Chicago Dog $6.75
Korn Dog $6
The Mac $7
Duo of Duck $18
Naked Dog $5.50
Richard Ellman saw the potential. He and wife Tiffanee had occasional hot dog cravings, but restaurants like Wild About Harry's on Knox Street and Chicago Hot Dog in East Dallas were too casual to spend much time in. The couple is well known for opening Oak, the celebrated ode to world cuisine that rules the Design District dining scene, but before they conquered fine dining they quietly longed for links.
When they met John Paul Valverde, their idea began to take root. Valverde, who owns the recently shuttered Campo and moonlights in restaurant design, assisted contractors on the build-out of Oak. When he met Richard Ellman the two talked restaurant aesthetics, partnership and tube steaks. Less than a year later, Bowery was born.
McKinney Avenue's newest hot dog restaurant occupies the small space that used to house a dumpling shop, and Valverde's excellent eye for design shines throughout. Hardwoods cover the floor and knotty pine boards line the walls in a warm, sleek space that feels more like a pub than a place where you can buy a bratwurst topped with onions and kraut. A wraparound porch offers outdoor seating., Inside, televisions play local sports and a bar serves imaginative and sweet cocktails made from Champagne and beer.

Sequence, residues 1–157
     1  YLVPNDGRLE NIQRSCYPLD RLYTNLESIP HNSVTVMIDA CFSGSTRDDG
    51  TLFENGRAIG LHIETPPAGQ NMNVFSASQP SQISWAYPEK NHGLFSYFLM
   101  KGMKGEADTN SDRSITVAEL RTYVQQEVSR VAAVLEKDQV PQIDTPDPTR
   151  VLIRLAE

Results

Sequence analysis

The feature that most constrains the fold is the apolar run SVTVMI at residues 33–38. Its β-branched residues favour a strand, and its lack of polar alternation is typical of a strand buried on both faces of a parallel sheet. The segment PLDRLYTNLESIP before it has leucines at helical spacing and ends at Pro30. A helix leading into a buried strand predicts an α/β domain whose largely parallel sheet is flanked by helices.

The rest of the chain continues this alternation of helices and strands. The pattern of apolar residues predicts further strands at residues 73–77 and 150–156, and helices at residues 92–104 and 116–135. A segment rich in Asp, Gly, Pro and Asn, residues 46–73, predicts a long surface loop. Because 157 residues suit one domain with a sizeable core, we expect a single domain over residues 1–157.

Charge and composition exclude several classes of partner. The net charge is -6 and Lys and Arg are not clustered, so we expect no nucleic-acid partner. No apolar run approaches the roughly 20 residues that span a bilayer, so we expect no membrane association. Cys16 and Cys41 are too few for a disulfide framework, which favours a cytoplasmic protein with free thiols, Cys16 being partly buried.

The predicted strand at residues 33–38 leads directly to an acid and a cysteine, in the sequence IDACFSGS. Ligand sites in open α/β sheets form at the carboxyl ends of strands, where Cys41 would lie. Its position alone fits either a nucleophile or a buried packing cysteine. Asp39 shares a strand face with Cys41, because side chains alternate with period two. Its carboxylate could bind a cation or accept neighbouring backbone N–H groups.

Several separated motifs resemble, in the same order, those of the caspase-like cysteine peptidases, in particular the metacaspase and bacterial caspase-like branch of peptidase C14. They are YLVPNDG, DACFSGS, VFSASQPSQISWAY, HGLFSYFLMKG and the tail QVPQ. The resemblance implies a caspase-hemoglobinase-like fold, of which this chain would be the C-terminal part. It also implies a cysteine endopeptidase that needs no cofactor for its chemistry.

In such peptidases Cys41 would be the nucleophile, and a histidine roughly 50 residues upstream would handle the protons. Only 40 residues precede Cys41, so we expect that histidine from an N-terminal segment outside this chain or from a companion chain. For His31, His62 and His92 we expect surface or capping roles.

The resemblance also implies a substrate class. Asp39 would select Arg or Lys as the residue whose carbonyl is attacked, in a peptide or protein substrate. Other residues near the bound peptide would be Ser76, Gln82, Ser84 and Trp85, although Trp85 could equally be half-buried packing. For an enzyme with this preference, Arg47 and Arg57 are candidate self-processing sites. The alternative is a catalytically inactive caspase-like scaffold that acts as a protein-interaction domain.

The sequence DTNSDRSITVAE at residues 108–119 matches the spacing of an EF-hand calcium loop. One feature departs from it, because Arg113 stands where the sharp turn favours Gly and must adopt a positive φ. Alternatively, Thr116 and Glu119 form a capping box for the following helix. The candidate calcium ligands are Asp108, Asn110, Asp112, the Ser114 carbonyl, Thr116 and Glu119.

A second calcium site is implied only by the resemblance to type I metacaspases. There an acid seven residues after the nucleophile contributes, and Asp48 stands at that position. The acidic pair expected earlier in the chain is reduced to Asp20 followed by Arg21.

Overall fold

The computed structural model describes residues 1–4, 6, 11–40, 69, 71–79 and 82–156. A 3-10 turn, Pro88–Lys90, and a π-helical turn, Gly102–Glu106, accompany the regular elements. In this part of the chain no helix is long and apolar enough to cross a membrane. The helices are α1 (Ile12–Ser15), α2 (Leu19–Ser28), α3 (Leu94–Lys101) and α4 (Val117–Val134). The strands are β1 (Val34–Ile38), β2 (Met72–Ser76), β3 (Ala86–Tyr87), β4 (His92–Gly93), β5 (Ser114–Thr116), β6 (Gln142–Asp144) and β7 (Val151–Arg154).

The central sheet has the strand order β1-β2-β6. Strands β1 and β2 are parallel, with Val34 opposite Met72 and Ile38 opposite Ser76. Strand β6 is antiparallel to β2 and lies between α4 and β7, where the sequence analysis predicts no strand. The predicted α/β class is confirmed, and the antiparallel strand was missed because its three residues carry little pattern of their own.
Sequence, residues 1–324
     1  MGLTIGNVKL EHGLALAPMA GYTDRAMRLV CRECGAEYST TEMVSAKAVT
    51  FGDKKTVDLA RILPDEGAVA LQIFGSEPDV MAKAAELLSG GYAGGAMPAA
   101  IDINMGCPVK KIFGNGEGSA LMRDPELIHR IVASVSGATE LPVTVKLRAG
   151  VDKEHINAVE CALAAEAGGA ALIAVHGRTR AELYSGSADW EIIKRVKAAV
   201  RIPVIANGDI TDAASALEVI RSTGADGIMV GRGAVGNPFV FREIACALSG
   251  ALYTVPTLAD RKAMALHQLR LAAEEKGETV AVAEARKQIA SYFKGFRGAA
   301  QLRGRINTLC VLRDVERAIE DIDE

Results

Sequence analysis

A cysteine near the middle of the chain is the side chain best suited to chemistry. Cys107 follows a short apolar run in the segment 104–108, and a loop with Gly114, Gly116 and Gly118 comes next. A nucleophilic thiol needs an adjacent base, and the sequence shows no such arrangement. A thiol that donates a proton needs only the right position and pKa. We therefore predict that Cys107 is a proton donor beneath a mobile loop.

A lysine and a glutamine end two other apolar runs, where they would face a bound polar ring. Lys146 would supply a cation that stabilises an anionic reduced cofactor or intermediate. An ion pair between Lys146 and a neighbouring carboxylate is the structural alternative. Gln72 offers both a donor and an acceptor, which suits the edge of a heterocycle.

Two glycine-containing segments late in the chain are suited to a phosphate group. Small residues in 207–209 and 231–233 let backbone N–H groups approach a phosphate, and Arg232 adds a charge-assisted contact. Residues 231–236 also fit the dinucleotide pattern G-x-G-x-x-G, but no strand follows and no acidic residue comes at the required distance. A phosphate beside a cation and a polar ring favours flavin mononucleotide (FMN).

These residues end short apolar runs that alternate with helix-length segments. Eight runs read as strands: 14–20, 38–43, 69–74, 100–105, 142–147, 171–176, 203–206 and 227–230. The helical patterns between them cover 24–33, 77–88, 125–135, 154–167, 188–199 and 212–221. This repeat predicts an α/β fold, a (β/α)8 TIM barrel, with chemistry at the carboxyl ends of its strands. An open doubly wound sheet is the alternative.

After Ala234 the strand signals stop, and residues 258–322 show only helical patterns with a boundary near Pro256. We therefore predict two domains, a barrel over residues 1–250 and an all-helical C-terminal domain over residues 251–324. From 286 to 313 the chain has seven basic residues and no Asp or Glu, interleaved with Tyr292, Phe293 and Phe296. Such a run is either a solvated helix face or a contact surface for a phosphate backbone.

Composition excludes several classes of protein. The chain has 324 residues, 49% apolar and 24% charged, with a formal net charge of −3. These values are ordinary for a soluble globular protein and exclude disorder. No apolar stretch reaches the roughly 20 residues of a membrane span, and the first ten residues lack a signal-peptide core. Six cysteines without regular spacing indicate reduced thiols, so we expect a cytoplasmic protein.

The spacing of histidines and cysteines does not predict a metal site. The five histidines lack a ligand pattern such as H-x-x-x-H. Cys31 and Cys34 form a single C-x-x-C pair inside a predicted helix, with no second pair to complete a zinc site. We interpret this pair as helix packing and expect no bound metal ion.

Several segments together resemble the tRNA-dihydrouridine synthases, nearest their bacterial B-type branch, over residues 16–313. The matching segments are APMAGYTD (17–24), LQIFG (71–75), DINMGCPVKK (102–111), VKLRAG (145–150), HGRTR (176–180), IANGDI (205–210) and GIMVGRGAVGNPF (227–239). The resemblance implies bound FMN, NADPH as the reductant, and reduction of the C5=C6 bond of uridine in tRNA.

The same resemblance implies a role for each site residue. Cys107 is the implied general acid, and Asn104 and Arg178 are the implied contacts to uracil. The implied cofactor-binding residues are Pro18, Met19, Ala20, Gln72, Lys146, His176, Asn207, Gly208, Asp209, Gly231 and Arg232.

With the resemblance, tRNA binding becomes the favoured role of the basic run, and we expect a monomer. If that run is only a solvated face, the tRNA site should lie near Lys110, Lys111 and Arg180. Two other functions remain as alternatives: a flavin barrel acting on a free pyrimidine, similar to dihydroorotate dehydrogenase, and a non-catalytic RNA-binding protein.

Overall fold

The beef hot dogs themselves are more J. Roget than the Veuve Clicquot that's advertised on a wax pencil board at the back of the dining room, though. The molded, processed links lack the hearty snap and natural casings of more pedigreed hot dogs. While Bowery's dogs are juicy, the steamed links that end up in many paper-lined baskets are ultimately forgettable. Dogs that spend some extra time on the grill get some char and subsequently more flavor, but the only thing even remotely gourmet with the beef franks served here are the adornments.